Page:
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Preview #89: 7/6 vs. Padres

#YCPB shares a great deal with the theory of alternate dimensions. Watch the last 30 minutes of Interstellar for a summary if you don’t know what I’m talking about. Then read this preview.

Los Angeles Dodgers v Arizona Diamondbacks Photo by Norm Hall/Getty Images

Today’s Lineups

Travis Jankowski - LF David Peralta - LF
Carlos Asuaje - 2B Nick Ahmed - SS
Eric Hosmer - 1B Paul Goldschmidt - 1B
Hunter Renfroe - RF A.J. Pollock - CF
Christian Villanueva- 3B Steven Souza Jr. - RF
Manuel Margot - CF Ketel Marte - 2B
Freddy Galvis - SS John Ryan Murphy - C
Austin Hedges - C Chris Owings - 3B
Joey Lucchesi - P Zack Godley - P

You might remember the last time Padres lefty Joey Lucchesi faced off against the Arizona Diamondbacks at Chase Field. (*whispers softly in your ear “churve”). When Steve Berthiaume and Bob Brenly get ahold of a buzz word like “churve” or “LeMahieu shift”, they will beat it into the ground until your ears bleed. Lucchesi’s pitch is remarkable because he uses a changeup grip on the baseball but throws it with a curveball arm action. On April 22nd at Chase Field, the then 24 year old kept the D’backs scoreless before allowing a three run home run to southpaw slayer Nick Ahmed. Arizona would go on to win that contest 4-2 en route to their 7th consecutive series victory to open the season.

Overall, Arizona is hitting much better against left handed pitchers in 2018 as opposed to right handers with a triple slash of .254/.326/.443 for a 105 wRC+. Against right handers you ask? .219/.299/.372 with a wRC+ of 80. That means that the Diamondbacks as a team have been substantially better against left handed pitchers when adjusting for park factors and the environment of the league as a whole, and the margin is fairly significant. What’s ironic is that those platoon splits for the lineup are essentially flipped from last season when the team put up league average production against righties. I wouldn’t expect that much of a change year over year with roughly the same lineup excluding some changes on the edges. Remember that a big reason the team swung a trade for J.D. Martinez in 2017 was because of how poor they performed against left handed pitchers.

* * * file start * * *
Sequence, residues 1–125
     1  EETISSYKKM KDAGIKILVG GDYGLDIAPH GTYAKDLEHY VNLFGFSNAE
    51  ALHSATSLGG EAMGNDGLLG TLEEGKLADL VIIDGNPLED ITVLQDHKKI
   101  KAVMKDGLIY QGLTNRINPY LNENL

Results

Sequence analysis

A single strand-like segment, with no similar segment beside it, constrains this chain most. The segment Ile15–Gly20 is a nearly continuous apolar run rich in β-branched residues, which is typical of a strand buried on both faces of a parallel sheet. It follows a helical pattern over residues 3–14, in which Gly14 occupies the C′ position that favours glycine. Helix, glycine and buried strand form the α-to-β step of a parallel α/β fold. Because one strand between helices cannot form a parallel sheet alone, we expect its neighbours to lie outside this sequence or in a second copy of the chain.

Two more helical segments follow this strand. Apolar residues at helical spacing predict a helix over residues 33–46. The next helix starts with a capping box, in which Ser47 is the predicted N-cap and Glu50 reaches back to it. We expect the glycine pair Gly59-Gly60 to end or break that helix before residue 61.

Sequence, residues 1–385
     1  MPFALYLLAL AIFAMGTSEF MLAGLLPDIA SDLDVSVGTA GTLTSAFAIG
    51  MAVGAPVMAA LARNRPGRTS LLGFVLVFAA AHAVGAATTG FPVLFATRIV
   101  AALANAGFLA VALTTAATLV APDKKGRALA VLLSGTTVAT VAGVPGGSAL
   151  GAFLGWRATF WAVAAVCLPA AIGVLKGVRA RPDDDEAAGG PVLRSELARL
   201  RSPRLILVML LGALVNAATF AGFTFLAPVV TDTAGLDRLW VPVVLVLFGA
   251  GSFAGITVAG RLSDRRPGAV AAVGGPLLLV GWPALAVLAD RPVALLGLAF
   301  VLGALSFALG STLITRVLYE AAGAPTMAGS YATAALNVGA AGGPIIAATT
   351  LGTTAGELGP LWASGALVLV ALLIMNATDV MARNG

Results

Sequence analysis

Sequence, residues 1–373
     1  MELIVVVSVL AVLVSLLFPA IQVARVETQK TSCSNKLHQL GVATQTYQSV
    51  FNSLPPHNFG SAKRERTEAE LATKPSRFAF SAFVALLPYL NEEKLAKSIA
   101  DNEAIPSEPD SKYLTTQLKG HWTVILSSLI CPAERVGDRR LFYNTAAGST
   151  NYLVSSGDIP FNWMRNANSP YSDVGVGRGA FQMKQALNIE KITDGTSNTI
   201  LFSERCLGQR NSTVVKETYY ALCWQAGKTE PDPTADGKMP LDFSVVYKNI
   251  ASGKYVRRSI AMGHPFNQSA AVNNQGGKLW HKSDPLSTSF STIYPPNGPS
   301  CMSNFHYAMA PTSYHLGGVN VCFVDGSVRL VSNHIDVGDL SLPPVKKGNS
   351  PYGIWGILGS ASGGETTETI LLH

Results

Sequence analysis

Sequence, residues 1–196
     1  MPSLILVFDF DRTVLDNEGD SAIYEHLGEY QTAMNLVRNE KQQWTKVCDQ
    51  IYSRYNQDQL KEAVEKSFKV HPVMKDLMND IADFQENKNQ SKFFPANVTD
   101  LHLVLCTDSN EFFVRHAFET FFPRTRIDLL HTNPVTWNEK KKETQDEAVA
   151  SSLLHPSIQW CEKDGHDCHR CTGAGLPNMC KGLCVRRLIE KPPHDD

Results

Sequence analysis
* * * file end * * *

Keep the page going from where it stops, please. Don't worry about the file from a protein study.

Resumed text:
Zack Godley opposes Lucchesi on the mound making his 18th start of the season. It’s been a frustrating experience watching Godley this season considering the substantial forward strides he took last season. You don’t really need fancy numbers to tell you that his mechanics have not been good. Godley has been falling off of the mound to the first base side before finishing his throwing motion causing him to be erratic with his command. His curveball, which was a devastating weapon last season, has become ineffective at times because hitters anticipate that it is going to end up a ball in the dirt. They are sitting on his fastball and hitting him hard when he enters the zone. He looks to rebound from his last outing against the San Francisco Giants where he allowed 7 earned runs and 5 walks in only 4 innings.

So there you have it. The 2017 Diamondbacks on one end of the timeline split who can’t hit left handed pitchers but Zack Godley is stellar, and the 2018 Diamondbacks on the other end who look helpless against right handers while Godley repeatedly falls off the mound. Maybe in some alternate dimension the team was able to re-sign J.D. Martinez and swing a preseason trade for Manny Machado. Perhaps I’m just a lunatic who needs to quit grasping at straws.